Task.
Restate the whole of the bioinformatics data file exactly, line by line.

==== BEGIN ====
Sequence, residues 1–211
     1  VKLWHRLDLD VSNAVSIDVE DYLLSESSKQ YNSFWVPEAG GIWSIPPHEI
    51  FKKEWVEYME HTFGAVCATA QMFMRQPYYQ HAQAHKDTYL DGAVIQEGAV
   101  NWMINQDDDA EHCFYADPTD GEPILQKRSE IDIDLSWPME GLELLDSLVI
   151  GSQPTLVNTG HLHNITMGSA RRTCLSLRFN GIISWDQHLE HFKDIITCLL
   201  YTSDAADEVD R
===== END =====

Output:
Sequence, residues 1–211
     1  VKLWHRLDLD VSNAVSIDVE DYLLSESSKQ YNSFWVPEAG GIWSIPPHEI
    51  FKKEWVEYME HTFGAVCATA QMFMRQPYYQ HAQAHKDTYL DGAVIQEGAV
   101  NWMINQDDDA EHCFYADPTD GEPILQKRSE IDIDLSWPME GLELLDSLVI
   151  GSQPTLVNTG HLHNITMGSA RRTCLSLRFN GIISWDQHLE HFKDIITCLL
   201  YTSDAADEVD R